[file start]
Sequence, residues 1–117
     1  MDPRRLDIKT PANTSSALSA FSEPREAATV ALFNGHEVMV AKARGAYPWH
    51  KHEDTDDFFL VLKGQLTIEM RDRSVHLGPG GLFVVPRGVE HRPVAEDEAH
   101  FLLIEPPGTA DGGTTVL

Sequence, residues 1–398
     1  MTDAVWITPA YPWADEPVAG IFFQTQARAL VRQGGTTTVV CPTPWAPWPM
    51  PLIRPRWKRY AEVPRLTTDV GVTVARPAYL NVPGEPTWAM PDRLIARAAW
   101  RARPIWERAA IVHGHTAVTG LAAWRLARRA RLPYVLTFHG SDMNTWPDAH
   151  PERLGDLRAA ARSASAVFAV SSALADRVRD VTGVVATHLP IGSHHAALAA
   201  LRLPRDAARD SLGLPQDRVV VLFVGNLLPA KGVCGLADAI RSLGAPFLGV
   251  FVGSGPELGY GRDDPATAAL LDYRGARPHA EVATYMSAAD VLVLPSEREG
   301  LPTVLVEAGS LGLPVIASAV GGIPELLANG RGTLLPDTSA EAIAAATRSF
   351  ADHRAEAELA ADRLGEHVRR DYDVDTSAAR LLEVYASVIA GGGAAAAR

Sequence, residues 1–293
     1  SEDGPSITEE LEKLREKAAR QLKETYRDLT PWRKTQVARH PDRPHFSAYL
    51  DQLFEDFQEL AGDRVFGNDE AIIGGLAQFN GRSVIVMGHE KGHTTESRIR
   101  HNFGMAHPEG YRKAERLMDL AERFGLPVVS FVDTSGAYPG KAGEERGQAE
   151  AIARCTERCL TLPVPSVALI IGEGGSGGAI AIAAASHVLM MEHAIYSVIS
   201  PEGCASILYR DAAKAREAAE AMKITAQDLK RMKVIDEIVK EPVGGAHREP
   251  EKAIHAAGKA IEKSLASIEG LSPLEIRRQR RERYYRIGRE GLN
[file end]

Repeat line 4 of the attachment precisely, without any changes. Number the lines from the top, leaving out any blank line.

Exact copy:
   101  FLLIEPPGTA DGGTTVL